conduct and demeanor as a witness, was thereby enabled to discern if she was telling
or inventing the truth. The trial judges evaluation, when affirmed by the CA, is binding on
the Court, and it becomes the burden of the accused to project to us facts or
circumstances of weight that were overlooked, misapprehended, or misinterpreted
which, when duly considered, would materially affect the disposition of the case
differently.
Auroa A. Sales v. Benjamin D. Adapon, et al.
G.R. No. 171420. October 5, 2016

(SUBJECT: Criminal Procedure- Clarificatory Questions during preliminary


investigation)

FACTS: Ofelia C. Adapon is the spouse of petitioner Benjamin D. Adapon. Upon their
demise, Spouses Pedro and Severina Adapon left a parcel of land . Private respondent,
Sales represented by Jericho Sales filed a complaint against her siblings, including
herein petitioners for nullification of various certificates of title and recovery of properties
covered by the void certificates. Private respondent alleged that during her absence and
without her knowledge and consent, the subject property was subdivided several times
and most of it were parceled out among the defendants in varying areas and registered
in their names. Private respondent also averred that she never agreed to an
arrangement for the subdivision of the subject property in the manner made by the
defendants, neither did she recall any extra-judicial settlement of the estate of her
parents, much less a judicial partition.Private respondent executed an affidavit
subscribed and sworn to before Vice-Consul Maria Lourdes C. Legaspi in New York
City, USA, claiming that the deed of extra-judicial settlement attached to the motion to
dismiss is a falsified document. Code. Prosecutor Cuevas recommended the dismissal
albeit without prejudice of the instant complaint on the ground that the affidavit was not
sworn to by the private respondent before a fiscal, state prosecutor or government
official authorized to administer oath as required by Rule 112, Sec. 3, par. 2 of the Rules
of Criminal Procedure. Prosecutor Cuevas issued a Resolution dismissing the instant
complaint on the ground that it is impossible for him to proceed with the preliminary
investigation without the appearance of private respondent who will be subjected to
some clarificatory questions on certain matters. Respondent filed an Appeal or Petition
for Review before the Department of Justice. Public respondent issued the assailed
Resolution which reversed and set aside the March 27, 2003 Resolution of the
Provincial Prosecutor and ordered the filing of the corresponding information against
herein petitioners. The CA promulgated the assailed decision granting the petition for
certiorari. Citing Section 4, Rule 112 of the Rule of Court, it declared that the DOJ was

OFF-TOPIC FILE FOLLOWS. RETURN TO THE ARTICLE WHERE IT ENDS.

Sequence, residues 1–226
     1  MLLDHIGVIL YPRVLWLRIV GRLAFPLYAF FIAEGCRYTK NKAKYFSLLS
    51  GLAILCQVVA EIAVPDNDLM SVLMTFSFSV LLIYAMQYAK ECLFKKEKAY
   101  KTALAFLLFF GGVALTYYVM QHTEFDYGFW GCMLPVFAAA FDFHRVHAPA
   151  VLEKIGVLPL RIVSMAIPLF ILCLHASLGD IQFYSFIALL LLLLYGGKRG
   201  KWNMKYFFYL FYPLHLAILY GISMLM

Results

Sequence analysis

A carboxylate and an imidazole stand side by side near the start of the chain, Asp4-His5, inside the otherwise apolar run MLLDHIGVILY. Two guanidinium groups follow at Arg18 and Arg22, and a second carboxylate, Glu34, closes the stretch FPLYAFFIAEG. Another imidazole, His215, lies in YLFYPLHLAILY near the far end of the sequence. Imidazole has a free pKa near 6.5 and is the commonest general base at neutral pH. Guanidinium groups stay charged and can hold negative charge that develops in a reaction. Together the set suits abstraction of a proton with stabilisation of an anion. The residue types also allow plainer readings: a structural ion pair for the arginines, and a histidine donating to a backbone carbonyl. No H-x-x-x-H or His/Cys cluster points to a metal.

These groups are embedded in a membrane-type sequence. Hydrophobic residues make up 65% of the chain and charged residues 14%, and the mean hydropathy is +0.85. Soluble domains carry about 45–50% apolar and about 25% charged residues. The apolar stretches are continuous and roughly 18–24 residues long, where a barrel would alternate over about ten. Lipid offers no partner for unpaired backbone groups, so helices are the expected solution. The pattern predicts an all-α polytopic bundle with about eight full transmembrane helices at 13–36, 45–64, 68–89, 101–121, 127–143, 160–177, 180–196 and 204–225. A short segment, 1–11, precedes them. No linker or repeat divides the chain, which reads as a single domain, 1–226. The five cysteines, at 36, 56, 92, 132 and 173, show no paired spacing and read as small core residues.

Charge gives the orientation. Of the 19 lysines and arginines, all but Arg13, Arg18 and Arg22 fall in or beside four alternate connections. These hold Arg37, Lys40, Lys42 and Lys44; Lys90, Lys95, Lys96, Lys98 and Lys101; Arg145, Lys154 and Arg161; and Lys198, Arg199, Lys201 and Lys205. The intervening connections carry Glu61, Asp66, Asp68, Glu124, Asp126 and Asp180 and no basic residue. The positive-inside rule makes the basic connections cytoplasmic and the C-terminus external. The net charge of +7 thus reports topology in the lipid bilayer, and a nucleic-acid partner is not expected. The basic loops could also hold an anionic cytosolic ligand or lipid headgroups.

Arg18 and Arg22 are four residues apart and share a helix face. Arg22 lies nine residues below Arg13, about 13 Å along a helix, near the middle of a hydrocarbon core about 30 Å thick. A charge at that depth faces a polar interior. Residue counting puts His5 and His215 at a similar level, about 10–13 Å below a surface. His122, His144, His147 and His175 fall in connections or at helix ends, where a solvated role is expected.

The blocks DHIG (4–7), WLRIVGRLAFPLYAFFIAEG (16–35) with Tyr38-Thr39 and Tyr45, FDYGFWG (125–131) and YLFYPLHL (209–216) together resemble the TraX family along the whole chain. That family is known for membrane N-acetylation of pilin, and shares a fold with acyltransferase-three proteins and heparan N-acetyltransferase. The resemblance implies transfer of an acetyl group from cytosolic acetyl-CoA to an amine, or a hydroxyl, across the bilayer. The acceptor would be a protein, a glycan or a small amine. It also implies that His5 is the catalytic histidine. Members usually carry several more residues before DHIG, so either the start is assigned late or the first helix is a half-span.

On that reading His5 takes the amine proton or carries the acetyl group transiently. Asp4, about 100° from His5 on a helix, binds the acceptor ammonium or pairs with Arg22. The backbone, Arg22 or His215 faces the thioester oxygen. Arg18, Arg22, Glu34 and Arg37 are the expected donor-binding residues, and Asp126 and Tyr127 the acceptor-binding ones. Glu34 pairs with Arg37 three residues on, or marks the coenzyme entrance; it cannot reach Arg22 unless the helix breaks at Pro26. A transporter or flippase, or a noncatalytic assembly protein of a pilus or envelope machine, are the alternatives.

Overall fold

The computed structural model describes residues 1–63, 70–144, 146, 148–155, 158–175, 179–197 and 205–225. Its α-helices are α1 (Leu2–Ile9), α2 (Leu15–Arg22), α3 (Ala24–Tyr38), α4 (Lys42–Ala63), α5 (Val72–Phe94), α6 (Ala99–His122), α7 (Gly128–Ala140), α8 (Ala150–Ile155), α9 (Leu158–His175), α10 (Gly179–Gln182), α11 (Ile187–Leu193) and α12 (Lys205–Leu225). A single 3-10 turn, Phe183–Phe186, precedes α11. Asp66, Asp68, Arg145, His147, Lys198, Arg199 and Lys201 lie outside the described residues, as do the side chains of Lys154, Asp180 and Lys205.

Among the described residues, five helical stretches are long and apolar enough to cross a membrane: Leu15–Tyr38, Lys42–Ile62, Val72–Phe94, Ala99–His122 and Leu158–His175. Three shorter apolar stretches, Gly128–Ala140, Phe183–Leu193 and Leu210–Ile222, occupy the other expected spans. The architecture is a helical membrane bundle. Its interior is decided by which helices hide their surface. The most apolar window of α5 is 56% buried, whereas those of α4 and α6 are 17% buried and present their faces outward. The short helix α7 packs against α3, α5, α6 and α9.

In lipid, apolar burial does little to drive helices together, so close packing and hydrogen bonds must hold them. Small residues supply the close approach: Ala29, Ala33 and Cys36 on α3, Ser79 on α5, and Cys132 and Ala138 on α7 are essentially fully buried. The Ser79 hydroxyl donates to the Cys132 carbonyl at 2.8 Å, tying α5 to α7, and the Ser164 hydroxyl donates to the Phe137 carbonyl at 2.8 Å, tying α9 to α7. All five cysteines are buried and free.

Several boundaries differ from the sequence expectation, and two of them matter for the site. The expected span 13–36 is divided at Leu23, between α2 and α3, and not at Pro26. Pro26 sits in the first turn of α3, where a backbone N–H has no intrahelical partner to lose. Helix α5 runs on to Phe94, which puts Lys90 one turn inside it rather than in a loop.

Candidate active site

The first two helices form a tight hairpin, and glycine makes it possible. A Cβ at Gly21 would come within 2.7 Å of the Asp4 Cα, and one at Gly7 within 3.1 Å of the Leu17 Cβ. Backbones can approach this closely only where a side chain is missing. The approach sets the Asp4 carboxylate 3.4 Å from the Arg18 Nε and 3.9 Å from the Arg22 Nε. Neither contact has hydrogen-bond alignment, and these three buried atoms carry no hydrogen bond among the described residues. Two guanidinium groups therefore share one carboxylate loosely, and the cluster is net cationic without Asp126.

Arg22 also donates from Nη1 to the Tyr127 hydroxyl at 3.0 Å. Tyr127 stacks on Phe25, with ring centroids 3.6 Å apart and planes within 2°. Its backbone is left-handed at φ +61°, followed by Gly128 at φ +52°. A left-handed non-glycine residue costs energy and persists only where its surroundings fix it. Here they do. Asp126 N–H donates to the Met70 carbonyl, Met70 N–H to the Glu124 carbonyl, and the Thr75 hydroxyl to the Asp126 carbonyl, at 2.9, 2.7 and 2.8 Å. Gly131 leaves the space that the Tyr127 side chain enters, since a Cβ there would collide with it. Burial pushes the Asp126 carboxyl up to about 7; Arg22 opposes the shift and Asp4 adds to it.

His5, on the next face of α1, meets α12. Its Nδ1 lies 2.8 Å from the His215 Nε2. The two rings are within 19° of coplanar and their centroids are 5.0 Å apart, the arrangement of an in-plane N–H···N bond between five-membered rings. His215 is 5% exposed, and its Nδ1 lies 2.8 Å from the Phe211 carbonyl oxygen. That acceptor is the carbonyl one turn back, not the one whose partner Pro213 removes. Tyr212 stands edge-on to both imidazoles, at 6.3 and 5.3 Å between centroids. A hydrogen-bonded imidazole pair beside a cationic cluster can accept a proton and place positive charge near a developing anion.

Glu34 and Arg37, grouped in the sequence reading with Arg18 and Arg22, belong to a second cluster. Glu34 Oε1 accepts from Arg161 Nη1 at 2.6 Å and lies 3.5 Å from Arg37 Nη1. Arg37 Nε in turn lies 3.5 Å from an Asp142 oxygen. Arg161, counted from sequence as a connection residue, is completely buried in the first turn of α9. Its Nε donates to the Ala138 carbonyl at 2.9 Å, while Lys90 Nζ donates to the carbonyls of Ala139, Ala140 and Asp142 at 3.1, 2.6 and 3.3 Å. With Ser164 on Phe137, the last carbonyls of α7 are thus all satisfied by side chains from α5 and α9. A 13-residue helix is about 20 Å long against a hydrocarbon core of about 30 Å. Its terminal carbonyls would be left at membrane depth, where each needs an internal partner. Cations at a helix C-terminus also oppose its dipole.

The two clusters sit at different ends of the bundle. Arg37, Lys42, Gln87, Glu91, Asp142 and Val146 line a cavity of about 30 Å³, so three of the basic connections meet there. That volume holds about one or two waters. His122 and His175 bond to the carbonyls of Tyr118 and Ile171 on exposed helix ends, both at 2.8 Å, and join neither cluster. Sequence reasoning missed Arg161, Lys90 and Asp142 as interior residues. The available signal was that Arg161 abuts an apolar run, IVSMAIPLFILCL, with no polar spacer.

guilty of grave abuse of discretion because the investigating prosecutor was bound to
personally examine the petitioner as the complainant and her witnesses; and that the
continuous absence of the complainant from the clarificatory hearing had effectively
prevented the investigating prosecutor from determining the existence of probable
cause against the respondents.
ISSUE: Whether the dismissal of the criminal complaint was warranted because the
investigating prosecutor had not personally examined the petitioner as the complainant
due to her failure to attend the clarificatory hearing.
HELD: No. She was represented in the proceedings by her son-in-law Jerico B. Sales,
whom she had constituted as her agent for purposes of pursuing the criminal case
against the respondents. Being her agent expressly authorized for that special purpose,
Jerico could competently respond to the investigating prosecutor's clarificatory
questions in a manner legally binding on her part. The investigating prosecutor's
requiring her personal presence at the clarificatory hearing was probably unnecessary
and superfluous in view of his failure to specify the matters still needing to be clarified.
The documents submitted by both parties in the proceedings were already sufficient for
the determination of whether or not probable cause existed against the respondents. If
the clarificatory hearing was geared towards the determination of the existence of
probable cause, the non specification of the matters to be inquired into during the
clarificatory hearing indicated that no more matters needed to be clarified from the
petitioner herself. Although it was concededly discretionary on the part of the
investigating prosecutor to call for the clarificatory hearing considering that Section 4(e)
of Rule 112 of the Rules of Court has used the word may in assigning such prerogative
to him, the discretion was not unbounded because the rule precisely stated that the
clarificatory hearing was to be set only "if there are such facts and issues to be clarified
from a party or a witness."